Using just a point-and-shoot camera, Meryl Meisler documented Bushwick, the neighborhood to which she commuted for her job as an art teacher at I.S. 291 (and, later, I.S. 300) from 1981 to 1994. Her striking, honest street photography, which captures an area beset by arson, poverty, and other afflictions, is newly compiled in a book. Available at the Strand courtesy of Bizarre Publishing, A Tale of Two Cities: Disco Era Bushwick juxtaposes Meisler's shots of burned-out buildings and area residents with images from the city's hopping dance halls. Meisler purposely avoided capturing drug paraphernalia, or all-too-common sights like massive murals in memory of locals who tragically died too young, in favor of small slices of seemingly humdrum humanity. "After I got over the fact that it was desolatethe buildings that you saw, the destructionI think I was looking for things that were uplifting, to keep me teaching and to keep me joyful. The first picture I took was kids putting a makeshift hoop on a shuttered-up building surrounded by tires," she said. "And then things changed. I photographed things coming down and housing going up."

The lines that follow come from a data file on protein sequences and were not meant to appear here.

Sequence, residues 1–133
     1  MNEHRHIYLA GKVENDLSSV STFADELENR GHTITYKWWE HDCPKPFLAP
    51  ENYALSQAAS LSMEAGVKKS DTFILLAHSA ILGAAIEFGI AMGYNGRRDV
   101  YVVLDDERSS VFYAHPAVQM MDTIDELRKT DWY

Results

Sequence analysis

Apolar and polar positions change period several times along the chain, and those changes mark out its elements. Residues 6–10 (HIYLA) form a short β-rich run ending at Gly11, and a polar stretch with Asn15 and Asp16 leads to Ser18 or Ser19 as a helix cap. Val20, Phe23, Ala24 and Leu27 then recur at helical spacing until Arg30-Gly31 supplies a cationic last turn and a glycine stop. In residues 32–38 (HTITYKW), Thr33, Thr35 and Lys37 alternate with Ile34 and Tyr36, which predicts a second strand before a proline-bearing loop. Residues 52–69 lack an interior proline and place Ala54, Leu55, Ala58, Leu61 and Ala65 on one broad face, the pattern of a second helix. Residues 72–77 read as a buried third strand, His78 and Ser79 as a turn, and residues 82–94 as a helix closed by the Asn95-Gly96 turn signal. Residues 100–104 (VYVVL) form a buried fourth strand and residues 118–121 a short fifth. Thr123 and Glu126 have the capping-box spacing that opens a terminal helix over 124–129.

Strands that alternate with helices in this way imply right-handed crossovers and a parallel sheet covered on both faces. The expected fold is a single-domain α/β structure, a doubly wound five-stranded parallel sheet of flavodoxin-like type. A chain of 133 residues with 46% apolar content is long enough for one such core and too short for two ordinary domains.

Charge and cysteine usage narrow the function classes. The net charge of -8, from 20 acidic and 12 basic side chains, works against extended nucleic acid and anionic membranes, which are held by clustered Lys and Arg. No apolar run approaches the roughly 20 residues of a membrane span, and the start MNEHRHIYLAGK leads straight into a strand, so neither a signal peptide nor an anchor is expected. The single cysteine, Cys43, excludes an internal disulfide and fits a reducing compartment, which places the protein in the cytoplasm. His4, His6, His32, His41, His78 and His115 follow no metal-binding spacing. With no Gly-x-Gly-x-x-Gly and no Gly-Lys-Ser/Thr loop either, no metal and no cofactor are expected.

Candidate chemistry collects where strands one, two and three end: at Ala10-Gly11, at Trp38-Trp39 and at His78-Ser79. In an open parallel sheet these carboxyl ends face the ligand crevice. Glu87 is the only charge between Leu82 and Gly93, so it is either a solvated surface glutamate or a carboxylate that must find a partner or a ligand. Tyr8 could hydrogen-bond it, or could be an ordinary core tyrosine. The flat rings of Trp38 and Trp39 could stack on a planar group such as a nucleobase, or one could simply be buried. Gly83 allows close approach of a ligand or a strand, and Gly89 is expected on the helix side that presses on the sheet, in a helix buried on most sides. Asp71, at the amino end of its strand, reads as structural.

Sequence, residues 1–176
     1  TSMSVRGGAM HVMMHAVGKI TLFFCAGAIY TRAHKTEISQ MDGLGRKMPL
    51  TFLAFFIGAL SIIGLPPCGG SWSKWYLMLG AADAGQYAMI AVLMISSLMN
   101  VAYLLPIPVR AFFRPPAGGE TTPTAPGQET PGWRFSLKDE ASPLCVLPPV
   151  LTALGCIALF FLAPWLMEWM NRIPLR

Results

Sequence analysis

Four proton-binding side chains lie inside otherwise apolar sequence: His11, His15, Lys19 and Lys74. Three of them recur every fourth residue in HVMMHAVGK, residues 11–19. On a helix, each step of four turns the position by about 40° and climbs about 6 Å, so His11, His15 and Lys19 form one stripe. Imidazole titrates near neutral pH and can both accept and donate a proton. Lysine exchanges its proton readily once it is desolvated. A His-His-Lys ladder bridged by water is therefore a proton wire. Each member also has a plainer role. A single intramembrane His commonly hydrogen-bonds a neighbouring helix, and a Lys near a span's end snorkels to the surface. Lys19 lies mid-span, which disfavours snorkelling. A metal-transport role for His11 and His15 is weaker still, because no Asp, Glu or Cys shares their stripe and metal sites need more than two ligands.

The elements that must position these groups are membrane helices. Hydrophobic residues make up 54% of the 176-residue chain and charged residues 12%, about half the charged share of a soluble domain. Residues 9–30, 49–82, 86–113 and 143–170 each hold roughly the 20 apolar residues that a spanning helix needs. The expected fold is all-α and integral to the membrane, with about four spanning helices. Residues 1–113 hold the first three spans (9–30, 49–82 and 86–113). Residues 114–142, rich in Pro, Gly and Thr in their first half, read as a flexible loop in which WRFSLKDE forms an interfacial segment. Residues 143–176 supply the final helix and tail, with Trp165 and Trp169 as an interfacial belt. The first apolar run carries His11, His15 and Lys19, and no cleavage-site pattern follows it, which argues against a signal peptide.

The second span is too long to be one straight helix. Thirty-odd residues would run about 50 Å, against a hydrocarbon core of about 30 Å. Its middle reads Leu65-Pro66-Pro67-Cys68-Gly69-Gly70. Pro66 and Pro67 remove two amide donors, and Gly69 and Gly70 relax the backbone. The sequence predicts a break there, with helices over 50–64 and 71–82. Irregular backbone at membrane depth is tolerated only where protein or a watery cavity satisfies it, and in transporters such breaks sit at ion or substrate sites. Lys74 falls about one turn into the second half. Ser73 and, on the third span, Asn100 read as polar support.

As for Bushwick today, Meisler said many things have changed, but some things haven't:
I was just there yesterday. I would say there's a lot of things that seem familiar, but the empty lots full of garbage are cleaned up and it's livelier. [In the 80s] I saw acres and acres of lots, and nobody was living there. It's inhabited now. ... The neighborhood now appears more ethnically and economically diverse. You see people wearing clothing that says 'Bushwick' on it. Years ago, they'd be ashamed to say it. Or at least you wouldn't see it. Check out a sampling of her work above; many, many more are on view at the Bizarre Black Box Gallery in Bushwick till September 10.
· Meryl Meisler [official]
· A Tale of Two Cities: Disco Era Bushwick [Strand]
· A Tale of Two Cities: Disco Era Bushwick Exhibit [Arts in Bushwick]
· Stayin' Alive [NYT]